Jumped timing???

Jumped timing???

hopefulcj

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north florida
Vehicle(s)
1980 CJ7-258 I6, MC 2100 carb, team rush upgrade, T4, D300 tcase, D30 w/aussie locker in the front, AMC20 open, I think PO put 4.88s in the diffs, 35,000-135,000 miles, you pick. 4"susp lift, 2" shackle, 35" A BAD WORD cepek AT's on black steel wheels, 1 1/4" spydertrak wheel spacers, most everything else i believe is stock, finding things out as I go
About a month ago I bent the 6th cylinder rod guide/bridge. Before finding this, my mechanic thought I might have an intake valve not seating, and this might have thrown off the timing. Now that is all fixed, and the jeep was running fine. I recently put on a MC 2100. I set the timing to 8*BTDC with a light, and the jeep ran like :dung:. This scared me. I remembered about the timing chain issue before so I set the timing by ear like the mechanic did, I got the jeep running pretty good, though it still lacks some power and lags if I really get on it. Their is no pinging or anything. The notch on the wheel points straight up (12 o'clock) with the current timing. It should be pointing more at 2'ocllock to even be read on the TDC scale.
This leads me to think that the timing chain jumped, since I can get the engine running, but the timing is not set where its supposed to be.

-Engine has probably been rebuilt, engine is all orange including some of the lower end gaskets.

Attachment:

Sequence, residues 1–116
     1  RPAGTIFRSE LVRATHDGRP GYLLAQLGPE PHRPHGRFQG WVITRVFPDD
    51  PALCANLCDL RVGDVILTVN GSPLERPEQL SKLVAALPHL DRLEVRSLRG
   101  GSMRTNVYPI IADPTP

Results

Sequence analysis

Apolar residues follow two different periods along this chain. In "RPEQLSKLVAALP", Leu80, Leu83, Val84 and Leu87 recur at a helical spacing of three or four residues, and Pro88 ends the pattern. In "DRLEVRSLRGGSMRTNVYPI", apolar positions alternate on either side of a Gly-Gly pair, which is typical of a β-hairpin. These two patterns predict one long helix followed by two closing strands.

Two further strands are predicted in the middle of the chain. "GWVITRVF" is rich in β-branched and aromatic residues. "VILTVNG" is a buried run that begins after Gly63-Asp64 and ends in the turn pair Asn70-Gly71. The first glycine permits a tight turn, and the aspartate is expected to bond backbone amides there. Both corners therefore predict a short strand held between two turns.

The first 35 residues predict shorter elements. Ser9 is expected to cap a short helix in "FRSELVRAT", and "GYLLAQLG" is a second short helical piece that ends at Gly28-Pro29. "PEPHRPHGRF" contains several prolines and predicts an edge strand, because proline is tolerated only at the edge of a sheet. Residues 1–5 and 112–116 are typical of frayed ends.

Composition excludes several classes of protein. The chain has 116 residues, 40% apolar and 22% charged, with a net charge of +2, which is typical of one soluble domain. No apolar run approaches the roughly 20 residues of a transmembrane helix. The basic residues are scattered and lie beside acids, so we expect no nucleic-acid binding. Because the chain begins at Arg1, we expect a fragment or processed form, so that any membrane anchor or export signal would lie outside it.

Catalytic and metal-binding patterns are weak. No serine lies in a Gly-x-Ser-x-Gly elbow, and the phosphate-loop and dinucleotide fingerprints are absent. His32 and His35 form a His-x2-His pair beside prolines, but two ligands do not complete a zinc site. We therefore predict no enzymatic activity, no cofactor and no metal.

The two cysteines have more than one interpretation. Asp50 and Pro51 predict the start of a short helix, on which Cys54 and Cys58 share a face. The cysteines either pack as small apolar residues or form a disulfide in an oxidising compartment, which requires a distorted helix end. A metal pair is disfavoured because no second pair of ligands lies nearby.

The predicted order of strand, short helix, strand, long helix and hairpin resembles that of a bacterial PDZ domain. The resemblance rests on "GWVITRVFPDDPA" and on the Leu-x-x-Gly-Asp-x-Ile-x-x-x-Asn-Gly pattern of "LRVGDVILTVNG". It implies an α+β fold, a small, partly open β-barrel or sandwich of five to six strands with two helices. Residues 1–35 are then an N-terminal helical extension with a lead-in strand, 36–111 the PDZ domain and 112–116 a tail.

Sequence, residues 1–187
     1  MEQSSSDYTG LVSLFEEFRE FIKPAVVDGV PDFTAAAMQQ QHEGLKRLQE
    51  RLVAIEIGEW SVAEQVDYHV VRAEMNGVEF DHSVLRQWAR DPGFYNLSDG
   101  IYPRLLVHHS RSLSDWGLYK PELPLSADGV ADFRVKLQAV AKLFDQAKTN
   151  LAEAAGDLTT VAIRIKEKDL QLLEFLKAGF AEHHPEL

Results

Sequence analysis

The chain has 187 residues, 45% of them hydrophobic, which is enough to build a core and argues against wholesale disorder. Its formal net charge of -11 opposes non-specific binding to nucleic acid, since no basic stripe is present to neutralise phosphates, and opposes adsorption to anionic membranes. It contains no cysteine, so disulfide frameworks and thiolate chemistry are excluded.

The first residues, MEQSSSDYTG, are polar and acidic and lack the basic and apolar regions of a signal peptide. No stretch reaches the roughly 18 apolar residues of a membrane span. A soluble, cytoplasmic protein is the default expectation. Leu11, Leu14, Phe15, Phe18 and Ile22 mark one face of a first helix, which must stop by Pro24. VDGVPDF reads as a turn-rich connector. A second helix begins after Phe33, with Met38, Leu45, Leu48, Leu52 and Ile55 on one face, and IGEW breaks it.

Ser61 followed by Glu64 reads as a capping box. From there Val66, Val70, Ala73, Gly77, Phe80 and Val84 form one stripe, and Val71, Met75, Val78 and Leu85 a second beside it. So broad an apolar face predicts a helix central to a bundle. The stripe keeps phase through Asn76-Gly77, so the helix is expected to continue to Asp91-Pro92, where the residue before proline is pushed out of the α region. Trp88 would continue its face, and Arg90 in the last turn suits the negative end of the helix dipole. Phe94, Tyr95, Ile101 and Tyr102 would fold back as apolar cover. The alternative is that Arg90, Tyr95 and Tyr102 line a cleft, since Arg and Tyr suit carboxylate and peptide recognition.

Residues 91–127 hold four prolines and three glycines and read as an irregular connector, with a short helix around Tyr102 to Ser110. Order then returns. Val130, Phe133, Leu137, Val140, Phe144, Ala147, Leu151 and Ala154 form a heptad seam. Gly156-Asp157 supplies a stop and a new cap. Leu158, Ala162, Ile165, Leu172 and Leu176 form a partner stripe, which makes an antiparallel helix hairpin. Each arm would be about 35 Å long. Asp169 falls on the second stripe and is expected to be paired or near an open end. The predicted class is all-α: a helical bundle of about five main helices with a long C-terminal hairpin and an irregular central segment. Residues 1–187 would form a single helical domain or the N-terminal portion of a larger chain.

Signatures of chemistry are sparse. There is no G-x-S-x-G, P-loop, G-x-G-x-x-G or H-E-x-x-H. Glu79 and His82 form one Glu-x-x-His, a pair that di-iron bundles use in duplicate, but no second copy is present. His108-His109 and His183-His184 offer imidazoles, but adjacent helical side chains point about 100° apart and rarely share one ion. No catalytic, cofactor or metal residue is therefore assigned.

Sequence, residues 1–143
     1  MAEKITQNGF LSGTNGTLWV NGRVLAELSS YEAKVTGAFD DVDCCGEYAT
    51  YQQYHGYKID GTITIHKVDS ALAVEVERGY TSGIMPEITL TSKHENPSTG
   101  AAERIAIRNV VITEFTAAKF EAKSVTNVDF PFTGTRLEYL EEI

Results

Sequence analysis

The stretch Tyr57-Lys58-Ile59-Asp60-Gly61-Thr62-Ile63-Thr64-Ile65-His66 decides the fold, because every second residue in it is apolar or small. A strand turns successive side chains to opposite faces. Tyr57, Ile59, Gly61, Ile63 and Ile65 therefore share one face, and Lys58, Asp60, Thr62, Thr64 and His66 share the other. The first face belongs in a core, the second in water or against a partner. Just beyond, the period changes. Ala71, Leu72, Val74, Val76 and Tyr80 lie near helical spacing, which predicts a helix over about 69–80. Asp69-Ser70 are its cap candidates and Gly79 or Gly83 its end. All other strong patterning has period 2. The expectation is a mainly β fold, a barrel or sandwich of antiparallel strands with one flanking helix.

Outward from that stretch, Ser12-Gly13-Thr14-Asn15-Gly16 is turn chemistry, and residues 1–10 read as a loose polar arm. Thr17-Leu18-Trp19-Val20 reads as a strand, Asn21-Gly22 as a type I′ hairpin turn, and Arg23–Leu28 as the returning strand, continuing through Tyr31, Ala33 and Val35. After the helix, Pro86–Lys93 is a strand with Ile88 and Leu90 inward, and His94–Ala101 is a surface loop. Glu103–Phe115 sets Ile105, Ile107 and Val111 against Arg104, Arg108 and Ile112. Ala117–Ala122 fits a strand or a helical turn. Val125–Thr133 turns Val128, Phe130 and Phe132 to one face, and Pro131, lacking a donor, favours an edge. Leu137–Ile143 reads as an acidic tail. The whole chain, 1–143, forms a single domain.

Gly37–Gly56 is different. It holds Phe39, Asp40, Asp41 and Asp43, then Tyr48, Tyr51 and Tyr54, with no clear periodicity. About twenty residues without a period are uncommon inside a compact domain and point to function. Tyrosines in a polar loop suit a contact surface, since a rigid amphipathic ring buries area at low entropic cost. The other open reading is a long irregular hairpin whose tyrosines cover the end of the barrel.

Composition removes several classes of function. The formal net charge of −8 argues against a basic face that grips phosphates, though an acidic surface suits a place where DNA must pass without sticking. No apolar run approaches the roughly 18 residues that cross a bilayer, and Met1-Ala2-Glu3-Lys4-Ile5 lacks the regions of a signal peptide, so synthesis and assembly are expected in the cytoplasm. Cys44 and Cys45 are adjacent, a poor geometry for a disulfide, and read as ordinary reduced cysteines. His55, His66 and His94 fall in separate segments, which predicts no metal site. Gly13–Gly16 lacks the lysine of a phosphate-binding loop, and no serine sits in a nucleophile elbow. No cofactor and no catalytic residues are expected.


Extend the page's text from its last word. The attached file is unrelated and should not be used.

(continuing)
-Mechanic replaced all upper gaskets.

I am going to try to set the timing by vacuum gauge.. warm up to operating tem, plug into manifold vac., plug advanced vac nipple, turn dizzy to get the best pressure, then turn back 1 hg.

Should I go ahead and replace the timing chain and gears? The mechanic was going to do this but decided not to since we didnt have to machine the head? Will I damage the engine internals ig I keep driving it like it is? I have read that it will on some of the searches I have done, and I have also heard that this is normale with old engines and to just time it by ear since its an older engine, and the factory timing specs arn't accurate anymore.

Thanks, thanks, and thanks again. Im getting long winded like my dad.
Jacob.
 
Last edited:
IMHO if you think you have issues with the timing chain and your mechanic was going to change it, I think I would be looking in to changing it. Or the very least check and see if it is timed right and did not jump a tooth, or the chain and sprockets aren't chewed up. Or to much slack in the chain.
 
You can roughly check your timming chain by pulling the dist. cap off and turning the crank with the aid of your timming marks, turn one direction till 0 degrees then go the other way watching for movement in the rotor and when it starts to move see were you are on your timing marks at the harmonic balancer. This is not totaly acurate because of dist gear wear but will give you an idea, you can pull the dist. and watch the gear drive/cam for more acuracy. From what I've seen posted up to 10 degrees is concidered OK but beyond is R & R time. when I checked my 78K miles motor it had 5 degrees of lag.
 
I would do the chain and gears. Fresh paint on the outside does't mean it's OK on the inside.
 
Ill check the slack in the chain by doing what Sasquatch says. I plan on replacing the timing chain and gears in about a monthe when my father comes down. However we have never changed out a timing chain.